Even as some shared-mobility systems have struggled financially, proponents view the concept of car-share, bike-share, shared scooters and microtransit as essential to reducing greenhouse gas emissions from transportation and providing more equitable options. “We need to secure a more just and sustainable future with abundant public transportation options and more shared mobility,” said Stephanie Lotshaw, executive director at advocacy organization TransitCenter, in a press release. TransitCenter is a partner and researcher in the SUMC’s action agenda.
The Shared-Use Mobility Center published its first annual report detailing how more than 70 partner cities, transportation providers and private-sector companies have worked since last year toward their collective 2030 goal to make “shared mobility a more attractive option than personal car ownership,” the report states.
The report follows last year’s creation of an “action agenda” by the participants. “Action and accountability are the cornerstones for the agenda to incite tangible and meaningful change,” the SUMC said in a press release.
The members established four working groups centered around climate, equity, funding and technology. Each group assessed members’ actions during their first year. The climate group reported that 77% of survey respondents have ongoing projects to address climate change, and more than half have publicly expressed their concerns through press releases and other media.
The Crawford Area Transportation Authority, which serves two rural counties in northwest Pennsylvania, began a bike-share program in one small city in 2021 and expanded it to more locations last year, according to the agency’s 2022 climate action plan. It also plans to achieve an 80% reduction in greenhouse gas emissions by 2030.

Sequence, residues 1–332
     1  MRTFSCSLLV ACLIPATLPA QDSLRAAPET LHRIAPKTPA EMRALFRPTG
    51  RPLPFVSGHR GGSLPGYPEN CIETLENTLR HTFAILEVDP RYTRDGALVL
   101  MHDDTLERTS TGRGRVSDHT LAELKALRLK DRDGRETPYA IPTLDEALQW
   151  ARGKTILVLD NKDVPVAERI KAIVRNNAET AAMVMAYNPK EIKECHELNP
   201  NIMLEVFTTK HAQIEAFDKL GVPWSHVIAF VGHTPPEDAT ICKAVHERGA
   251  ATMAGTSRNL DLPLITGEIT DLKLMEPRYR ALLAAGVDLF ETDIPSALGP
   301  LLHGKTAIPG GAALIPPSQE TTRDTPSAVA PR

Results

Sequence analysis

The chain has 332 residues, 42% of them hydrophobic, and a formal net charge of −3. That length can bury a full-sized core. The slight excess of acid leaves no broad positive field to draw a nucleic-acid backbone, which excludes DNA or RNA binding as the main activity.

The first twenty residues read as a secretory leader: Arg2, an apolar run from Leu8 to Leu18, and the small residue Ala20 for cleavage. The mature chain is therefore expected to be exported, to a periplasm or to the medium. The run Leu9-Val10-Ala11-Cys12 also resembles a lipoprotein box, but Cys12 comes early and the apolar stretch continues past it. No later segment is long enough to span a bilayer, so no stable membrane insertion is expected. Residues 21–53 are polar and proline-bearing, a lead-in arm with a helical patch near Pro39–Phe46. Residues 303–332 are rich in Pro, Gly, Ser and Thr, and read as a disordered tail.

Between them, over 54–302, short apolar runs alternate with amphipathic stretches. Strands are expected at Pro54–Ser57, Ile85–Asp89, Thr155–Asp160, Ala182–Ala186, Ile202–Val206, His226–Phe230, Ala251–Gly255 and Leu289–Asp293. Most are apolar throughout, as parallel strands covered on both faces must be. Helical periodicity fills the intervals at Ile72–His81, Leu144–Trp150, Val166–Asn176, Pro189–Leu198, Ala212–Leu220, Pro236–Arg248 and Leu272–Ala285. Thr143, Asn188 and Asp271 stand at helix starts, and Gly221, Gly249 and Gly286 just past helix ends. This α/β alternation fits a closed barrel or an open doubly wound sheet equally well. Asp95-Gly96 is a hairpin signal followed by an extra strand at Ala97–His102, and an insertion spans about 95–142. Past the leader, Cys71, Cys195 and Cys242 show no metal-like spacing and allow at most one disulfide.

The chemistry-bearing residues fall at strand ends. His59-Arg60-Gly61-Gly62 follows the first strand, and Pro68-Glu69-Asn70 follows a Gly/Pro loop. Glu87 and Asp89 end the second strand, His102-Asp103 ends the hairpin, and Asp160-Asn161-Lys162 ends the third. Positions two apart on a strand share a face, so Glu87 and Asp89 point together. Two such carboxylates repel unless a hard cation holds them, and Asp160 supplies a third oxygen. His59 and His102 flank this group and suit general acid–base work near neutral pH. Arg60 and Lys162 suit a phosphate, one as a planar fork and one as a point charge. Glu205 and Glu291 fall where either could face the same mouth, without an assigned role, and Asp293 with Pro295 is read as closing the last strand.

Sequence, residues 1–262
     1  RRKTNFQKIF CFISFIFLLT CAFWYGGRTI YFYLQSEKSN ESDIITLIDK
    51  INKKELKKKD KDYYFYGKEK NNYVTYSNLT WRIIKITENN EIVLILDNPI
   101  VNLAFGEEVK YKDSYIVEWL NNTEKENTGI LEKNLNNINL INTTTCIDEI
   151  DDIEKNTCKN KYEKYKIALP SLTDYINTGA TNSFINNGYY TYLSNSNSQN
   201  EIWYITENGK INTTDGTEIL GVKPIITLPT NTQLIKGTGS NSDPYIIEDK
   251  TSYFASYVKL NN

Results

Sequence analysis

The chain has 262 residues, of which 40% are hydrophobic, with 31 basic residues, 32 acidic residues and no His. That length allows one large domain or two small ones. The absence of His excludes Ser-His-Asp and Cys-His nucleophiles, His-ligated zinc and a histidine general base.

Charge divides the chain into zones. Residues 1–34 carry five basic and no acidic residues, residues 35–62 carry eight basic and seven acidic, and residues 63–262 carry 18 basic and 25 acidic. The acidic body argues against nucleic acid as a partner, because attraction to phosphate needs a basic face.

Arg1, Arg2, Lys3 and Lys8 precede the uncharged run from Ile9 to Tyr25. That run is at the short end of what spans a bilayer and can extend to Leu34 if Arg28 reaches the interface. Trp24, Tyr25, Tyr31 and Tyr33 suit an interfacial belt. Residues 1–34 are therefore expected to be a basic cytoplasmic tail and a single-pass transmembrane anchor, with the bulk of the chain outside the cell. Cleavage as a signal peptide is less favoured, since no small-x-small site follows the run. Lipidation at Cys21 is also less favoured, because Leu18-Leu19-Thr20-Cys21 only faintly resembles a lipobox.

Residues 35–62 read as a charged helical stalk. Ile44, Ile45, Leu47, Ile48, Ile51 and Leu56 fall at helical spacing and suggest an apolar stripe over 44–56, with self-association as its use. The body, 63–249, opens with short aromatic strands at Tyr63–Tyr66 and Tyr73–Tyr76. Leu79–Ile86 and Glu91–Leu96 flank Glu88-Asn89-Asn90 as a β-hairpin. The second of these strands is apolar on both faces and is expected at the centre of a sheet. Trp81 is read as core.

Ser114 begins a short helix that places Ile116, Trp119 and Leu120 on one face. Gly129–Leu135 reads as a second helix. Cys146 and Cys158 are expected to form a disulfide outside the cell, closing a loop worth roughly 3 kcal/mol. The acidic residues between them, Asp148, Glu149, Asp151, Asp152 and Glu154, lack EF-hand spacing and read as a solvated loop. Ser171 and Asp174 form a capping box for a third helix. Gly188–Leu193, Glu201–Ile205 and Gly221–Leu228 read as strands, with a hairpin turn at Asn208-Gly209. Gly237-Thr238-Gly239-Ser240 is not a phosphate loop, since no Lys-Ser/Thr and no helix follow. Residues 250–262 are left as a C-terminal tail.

The equity group reported that three-quarters of its members who responded to the survey have established projects that emphasize racial or economic equity issues, and 83% are focused on improving access to transportation services. The city of Arlington, Texas, created a pilot program to provide free and reduced-fare on-demand shared rides for those in need and is working with local nonprofits to get the word out.
The funding group is looking to identify new revenue sources for public transit and shared-mobility systems, including public-private partnerships, philanthropies, cap-and-trade programs and employer-based funding.
Meanwhile, the technology group wants to help federal agencies develop more open, standardized data solutions that will make it easier to provide riders with more information on transportation choices and allow for fare payments across modes.
While growing sales of electric vehicles and the shift toward electric buses grab headlines, “electrification by itself won’t address the much harder systemic problems of inequality, safety, and affordability that are endemic to our car-centric mobility systems,” said Shared-Use Mobility Center CEO Benjamin de la Peña in a press release. “We need more shared mobility, more public transportation, more active choices, and safe sidewalks if we are to get to a just transition.”
Correction: A previous version of this article erred in identifying the location of an Arlington shared-ride pilot program. The program is in Arlington, Texas.